team would chafe at not being allowed
to strike a 2.20 gait, and the dense del-
uge of dust would be more disagreeable
than ever. This was going down, on
the Forest Springs road. A ride of an
hour and a half, and we reached


_ An enclosure 70 feet square and about
12 feet high, of rough boards, had been
built on a marshy spot on Turner's
Ranch, about two miles from Forest
Springs and six from Grass Valley. A
worse place could hardly been selected.
It was in the center of a little amphithea-
tre of hills, which excluded every breath
of air. The vertical rays of the intemper-
ate sun poured down with intense vigor,
and the heat even seemed to run down
the hill-sides like water, and make a
fiery furnace of the oven in which we
were penned. The only redeeming
quality was that, being boggy, it was a
good place to fall upon, if a little groggy.
On the ground we found a large number
of the old heavy citizens and men of
wealth of the county, reporters for the
Sacramento and Marysville press, and a
large number of sporting men from vari-
ous localities. There were two bars on
the outside grounds and one inside of the
enclosure, but the best of order and good
nature prevailed. Ticket selling pro-
gressed in a lively manner, there being
positively no deadheads. Contrary
to invariable precedent, even the report-
ers for the press had to pungle their
little old $2 apeice.


was 24 feet square, a post on each corner,
one in the middle of each side, with two
ropes wove through so as to make an en-
closure. A single row of backless seats
surrounded the ring, but through the
kindness of an intelligent gentleman
who always sympathizes with reporters,
the press representatives were fixed as
comfortably as possible.


were arranged with some slight delay.
Steele tossed his castor into the ring.
Rogers' tile followed immediately. Both
men then entered and were received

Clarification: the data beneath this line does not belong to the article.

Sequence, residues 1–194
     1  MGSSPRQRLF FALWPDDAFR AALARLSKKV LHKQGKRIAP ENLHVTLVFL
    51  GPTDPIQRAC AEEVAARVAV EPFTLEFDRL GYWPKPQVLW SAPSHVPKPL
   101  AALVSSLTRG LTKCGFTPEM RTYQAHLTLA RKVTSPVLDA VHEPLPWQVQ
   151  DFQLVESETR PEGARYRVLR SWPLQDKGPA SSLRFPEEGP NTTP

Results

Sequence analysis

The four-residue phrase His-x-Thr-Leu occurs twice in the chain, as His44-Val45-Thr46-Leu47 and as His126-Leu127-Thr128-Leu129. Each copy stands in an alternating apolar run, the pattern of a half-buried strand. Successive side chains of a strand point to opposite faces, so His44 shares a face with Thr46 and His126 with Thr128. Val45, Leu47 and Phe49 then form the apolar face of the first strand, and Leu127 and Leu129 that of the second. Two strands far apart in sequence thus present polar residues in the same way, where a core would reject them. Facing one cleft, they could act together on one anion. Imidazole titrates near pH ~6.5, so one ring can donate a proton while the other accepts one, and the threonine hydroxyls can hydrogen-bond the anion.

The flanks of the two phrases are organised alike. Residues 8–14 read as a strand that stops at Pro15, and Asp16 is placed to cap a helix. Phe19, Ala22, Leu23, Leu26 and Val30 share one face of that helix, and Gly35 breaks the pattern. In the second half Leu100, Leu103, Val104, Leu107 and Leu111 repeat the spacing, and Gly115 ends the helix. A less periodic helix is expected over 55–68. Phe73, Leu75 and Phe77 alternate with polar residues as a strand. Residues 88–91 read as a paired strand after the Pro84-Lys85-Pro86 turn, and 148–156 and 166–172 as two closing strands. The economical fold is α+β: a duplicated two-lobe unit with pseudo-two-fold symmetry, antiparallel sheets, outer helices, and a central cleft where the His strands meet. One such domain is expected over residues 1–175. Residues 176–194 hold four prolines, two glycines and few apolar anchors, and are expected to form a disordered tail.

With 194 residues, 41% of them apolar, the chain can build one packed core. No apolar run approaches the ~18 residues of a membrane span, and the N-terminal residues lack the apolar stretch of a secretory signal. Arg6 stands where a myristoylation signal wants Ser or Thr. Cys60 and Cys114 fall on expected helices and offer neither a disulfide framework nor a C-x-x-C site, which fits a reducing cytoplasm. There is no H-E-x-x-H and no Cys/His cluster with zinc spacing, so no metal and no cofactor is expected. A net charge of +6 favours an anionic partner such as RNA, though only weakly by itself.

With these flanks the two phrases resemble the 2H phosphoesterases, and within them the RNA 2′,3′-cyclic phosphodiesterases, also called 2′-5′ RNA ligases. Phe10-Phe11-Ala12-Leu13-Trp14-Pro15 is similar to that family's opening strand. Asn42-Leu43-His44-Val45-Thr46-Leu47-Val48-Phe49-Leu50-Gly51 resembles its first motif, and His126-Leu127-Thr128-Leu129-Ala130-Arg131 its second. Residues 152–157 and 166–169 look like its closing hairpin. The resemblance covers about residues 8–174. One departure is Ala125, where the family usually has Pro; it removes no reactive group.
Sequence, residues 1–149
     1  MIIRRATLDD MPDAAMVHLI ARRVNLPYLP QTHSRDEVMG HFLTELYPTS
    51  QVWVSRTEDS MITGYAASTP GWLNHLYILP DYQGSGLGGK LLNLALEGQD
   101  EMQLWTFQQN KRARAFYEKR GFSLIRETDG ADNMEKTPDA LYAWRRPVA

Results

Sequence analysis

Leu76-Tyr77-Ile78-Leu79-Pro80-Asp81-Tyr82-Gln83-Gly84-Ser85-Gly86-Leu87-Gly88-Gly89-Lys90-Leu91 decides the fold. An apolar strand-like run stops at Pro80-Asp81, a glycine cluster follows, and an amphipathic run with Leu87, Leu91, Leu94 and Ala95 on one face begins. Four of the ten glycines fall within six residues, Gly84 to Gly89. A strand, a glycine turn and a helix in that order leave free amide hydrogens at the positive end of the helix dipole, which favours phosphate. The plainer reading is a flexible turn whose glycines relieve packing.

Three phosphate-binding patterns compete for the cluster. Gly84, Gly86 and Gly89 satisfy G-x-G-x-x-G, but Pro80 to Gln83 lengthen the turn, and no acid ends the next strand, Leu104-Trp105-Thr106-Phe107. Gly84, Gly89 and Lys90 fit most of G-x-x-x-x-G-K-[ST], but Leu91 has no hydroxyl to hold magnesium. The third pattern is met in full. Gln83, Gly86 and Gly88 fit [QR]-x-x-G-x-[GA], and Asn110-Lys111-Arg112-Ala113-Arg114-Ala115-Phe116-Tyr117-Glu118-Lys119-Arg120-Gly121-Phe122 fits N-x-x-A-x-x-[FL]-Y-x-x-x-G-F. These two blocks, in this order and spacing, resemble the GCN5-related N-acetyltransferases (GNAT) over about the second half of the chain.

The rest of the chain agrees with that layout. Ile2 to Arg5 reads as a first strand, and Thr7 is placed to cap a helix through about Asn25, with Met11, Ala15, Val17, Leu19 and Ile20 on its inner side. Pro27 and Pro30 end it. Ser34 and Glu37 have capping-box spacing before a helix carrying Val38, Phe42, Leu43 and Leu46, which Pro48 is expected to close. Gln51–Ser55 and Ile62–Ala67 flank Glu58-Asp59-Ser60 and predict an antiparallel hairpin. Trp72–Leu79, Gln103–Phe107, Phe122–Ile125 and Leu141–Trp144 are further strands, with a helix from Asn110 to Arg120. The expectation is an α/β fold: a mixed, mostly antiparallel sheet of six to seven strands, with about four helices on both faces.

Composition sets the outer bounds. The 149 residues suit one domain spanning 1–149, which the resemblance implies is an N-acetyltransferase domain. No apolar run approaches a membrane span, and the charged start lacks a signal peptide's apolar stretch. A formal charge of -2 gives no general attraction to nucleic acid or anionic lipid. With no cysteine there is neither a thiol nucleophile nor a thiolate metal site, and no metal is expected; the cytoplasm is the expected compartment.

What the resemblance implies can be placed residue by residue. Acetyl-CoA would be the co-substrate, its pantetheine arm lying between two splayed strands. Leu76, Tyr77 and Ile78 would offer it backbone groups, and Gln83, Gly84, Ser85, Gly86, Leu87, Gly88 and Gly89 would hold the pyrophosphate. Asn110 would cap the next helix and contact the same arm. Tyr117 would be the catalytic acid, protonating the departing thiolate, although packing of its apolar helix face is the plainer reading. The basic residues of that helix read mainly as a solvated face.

with hearty cheers. Rogers' colors were
a blue English birds-eye: Steele's white,
with a blue border, and a blue star in
the center. Steele's colors were very
similar to Heenan's the difference being
that the latter had an eagle, instead of a
star in the center. Both sets of colors
were tied loosely about one of the center
posts. A half dollar was tossed up for
choice of corners. Steele won, and se-
lected the southwest, where he could
have his back to the sun. Rogers of
course took the opposite. M. Tracy and
M. Troy, Steele's seconds, made all prep-
arations for taking care of their man,
while J. B. Churchill and W. Adams got
ready to handle Rogers. George Tracy
held the bottle for Steele, and Henry
Dunn preformed the same office for
Rogers. The latter chose Billy Dwyer
for his umpire, and James Bucklund was
selected by the former. George A.
Faylor, of Sacramento, was agreed upon
to fill the important place of referee.
Mr. Faylor made a brief speech, very
positively declaring that the fight should
be a fair one, according to rules, and
that any attempt at interference by out-
siders, or breach of rule by the contes-
tants, would make him give the fight
to the aggrieved party. Mr. Faylor's
remarks were listened to with great sat-
isfaction. Mr. Adams then read the
rules, for the benefit of the principals
and seconds. The men had peeled down
to an undershirt during all this delay,
and were leisurely sauntering around
the ring, with overcoats thrown lightly
over their heads and shoulders. Rogers
bet $40 on himself with Steele in the
ring. The ticket sellers now came in,
each bearing a purse containing $273.25,
being half the net receipts, after pay-
ing all expenses. Not less than 325
men were in the pen, when at 10:35, the
referee ordered "all ready." The men
speedily shed their overcoats and under
shirts, and were


_ It would be difficult to tell which man
stripped the best. Both had clear,
healthy looking hides, well developed
chests, hard, large muscles, and bore
confident expressions. Rogers has the
shortest neck, head best set on, a shorter
body, stouter pins, and, we should
judge, the hardest and biggest mauleys,
but they had little time to look at each
other or we at them. Principals, seconds,
and umpires shook hands across each
other, and at precisely 10:40, time was
called for


_ Round 1. The men took position in good
style, did not waste a second in sparring,
but rushed in for a close. A pass or two
as quick as lightning, was exchanged;